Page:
Radishes have a tangy kick to them and add a satisfying crunch to salads and other dishes. Growing radishes in containers allows you to plant them in early spring before a garden bed would be ready to plant. Early planting gives cool-season radishes the time they need to reach maturity. Containers also drain better than garden beds, and proper drainage prevents the radishes from rotting in the cool soil.
Fill a 9- to 12-inch deep container with a sterile peat- or vermiculite-based potting soil. Use a container that is at least 12 inches in diameter and has drainage holes in the bottom.
Sow radish seeds 1 inch deep once daytime temperatures are steadily above 55 degrees Fahrenheit. Space the seeds 2 inches apart in all directions.
Water the container after planting until the excess water begins draining from the bottom of the container. Irrigate thereafter when the top ½ inch of soil begins to feel dry. In containers, this may be as often as once a day.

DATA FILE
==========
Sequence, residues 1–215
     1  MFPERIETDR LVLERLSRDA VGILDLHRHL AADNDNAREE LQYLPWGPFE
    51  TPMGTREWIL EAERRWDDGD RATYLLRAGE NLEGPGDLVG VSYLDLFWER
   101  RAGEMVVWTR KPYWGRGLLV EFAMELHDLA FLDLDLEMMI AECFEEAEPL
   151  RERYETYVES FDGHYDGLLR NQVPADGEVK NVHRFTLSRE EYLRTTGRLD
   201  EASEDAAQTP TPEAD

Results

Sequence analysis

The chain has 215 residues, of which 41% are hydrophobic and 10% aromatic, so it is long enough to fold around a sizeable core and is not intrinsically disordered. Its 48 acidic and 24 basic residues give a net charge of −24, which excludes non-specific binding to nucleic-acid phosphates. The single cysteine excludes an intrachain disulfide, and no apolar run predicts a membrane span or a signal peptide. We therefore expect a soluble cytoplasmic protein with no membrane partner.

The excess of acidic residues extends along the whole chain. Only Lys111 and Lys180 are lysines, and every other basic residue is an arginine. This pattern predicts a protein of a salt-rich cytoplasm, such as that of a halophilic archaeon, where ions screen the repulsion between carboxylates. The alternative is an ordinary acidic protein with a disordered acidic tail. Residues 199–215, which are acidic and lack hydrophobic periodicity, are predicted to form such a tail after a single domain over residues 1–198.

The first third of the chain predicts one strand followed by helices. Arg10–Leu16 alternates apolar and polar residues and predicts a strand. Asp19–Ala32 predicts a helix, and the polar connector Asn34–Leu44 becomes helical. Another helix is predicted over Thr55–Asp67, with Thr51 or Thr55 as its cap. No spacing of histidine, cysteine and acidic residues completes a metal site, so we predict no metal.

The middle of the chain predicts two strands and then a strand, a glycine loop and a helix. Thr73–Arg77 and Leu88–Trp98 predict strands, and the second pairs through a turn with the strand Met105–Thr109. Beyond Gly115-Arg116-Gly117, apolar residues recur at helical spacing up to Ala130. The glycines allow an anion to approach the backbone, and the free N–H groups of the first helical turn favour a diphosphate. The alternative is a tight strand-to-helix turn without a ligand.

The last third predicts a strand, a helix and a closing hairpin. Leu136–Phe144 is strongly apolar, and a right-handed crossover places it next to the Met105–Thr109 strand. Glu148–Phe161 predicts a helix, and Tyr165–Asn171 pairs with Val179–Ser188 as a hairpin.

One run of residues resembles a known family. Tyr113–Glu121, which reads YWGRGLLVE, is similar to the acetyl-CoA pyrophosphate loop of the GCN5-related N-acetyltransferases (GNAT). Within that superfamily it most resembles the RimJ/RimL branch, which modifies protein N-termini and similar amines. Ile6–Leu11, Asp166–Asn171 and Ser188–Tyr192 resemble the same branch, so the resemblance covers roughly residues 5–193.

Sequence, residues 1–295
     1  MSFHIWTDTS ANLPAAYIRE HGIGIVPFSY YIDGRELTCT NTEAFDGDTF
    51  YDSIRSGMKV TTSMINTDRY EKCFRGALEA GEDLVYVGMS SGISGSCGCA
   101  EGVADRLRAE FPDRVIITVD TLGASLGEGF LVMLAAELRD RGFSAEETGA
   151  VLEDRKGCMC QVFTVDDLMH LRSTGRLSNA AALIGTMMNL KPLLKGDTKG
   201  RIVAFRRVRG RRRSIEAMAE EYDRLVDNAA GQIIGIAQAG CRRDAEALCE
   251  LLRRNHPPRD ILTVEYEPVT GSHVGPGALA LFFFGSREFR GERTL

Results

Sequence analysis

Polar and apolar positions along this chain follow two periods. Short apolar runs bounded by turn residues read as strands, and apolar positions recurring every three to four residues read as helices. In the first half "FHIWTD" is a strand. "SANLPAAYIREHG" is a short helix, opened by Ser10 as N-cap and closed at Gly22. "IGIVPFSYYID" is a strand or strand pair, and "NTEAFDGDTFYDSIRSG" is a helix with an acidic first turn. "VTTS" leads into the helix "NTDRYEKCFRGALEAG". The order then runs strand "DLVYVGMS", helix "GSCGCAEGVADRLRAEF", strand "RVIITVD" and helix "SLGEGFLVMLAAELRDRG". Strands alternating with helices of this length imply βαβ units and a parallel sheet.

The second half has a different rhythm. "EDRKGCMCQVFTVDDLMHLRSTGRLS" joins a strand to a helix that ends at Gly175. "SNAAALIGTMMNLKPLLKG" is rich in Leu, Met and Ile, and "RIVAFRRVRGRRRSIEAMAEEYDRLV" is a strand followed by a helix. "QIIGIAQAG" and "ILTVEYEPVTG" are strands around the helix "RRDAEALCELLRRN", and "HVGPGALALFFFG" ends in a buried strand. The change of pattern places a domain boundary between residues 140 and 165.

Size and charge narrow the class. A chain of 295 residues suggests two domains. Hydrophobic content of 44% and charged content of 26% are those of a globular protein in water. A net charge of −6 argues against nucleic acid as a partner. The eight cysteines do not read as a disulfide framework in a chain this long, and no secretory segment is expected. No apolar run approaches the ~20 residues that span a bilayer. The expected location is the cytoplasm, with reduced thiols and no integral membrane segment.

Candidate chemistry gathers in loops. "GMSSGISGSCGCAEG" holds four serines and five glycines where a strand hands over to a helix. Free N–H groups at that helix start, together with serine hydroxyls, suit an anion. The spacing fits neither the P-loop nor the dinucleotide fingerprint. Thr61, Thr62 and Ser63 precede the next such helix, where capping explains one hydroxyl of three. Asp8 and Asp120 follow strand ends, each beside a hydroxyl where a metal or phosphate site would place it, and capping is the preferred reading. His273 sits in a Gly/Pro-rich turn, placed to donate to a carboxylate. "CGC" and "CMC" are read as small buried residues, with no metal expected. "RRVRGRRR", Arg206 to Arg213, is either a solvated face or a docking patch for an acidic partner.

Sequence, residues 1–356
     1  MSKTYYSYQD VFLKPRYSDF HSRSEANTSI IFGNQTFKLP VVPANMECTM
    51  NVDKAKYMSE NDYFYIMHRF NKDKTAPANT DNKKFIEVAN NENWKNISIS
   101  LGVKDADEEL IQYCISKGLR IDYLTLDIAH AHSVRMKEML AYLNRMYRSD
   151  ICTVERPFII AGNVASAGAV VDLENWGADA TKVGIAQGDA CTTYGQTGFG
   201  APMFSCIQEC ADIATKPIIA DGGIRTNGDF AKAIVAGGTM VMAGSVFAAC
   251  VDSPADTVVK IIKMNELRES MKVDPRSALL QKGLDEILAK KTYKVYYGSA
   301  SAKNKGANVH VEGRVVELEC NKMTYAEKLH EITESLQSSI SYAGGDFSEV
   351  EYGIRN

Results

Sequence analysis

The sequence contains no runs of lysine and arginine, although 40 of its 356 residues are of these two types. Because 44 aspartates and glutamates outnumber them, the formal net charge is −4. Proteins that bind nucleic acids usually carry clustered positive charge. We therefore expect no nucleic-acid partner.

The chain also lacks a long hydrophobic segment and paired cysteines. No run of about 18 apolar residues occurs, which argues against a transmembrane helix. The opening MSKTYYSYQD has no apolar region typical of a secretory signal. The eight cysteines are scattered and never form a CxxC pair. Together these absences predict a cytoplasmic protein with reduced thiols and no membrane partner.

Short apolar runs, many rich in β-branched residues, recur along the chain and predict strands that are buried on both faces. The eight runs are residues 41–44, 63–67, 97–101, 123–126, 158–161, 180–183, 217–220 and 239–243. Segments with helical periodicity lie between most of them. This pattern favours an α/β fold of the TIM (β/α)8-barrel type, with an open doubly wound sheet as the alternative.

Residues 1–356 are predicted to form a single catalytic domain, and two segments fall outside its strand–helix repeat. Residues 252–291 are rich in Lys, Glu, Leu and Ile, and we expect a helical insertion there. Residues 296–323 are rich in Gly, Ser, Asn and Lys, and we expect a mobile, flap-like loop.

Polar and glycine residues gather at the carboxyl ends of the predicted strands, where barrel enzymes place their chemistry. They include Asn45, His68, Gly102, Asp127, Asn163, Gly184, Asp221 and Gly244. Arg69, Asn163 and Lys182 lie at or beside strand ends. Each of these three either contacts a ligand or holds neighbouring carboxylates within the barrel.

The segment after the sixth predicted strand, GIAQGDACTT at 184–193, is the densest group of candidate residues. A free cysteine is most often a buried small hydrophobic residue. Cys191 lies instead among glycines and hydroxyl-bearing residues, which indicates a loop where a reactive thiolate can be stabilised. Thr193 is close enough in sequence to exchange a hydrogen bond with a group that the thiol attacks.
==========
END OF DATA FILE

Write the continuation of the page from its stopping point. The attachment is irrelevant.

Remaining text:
Fertilize radishes every two weeks with a half-strength soluble fertilizer that is rich in nitrogen. Follow label instructions for exact application methods, though generally ½ tbsp. of soluble fertilizer is mixed with 1 gallon of water, then the radishes are watered with the solution.
Harvest radishes when they reach maturity, which is indicated on the seed packet. Most varieties reach harvestable size withing 30 to 45 days. Pull the roots up by the foliage then trim off the leaves before use or storage.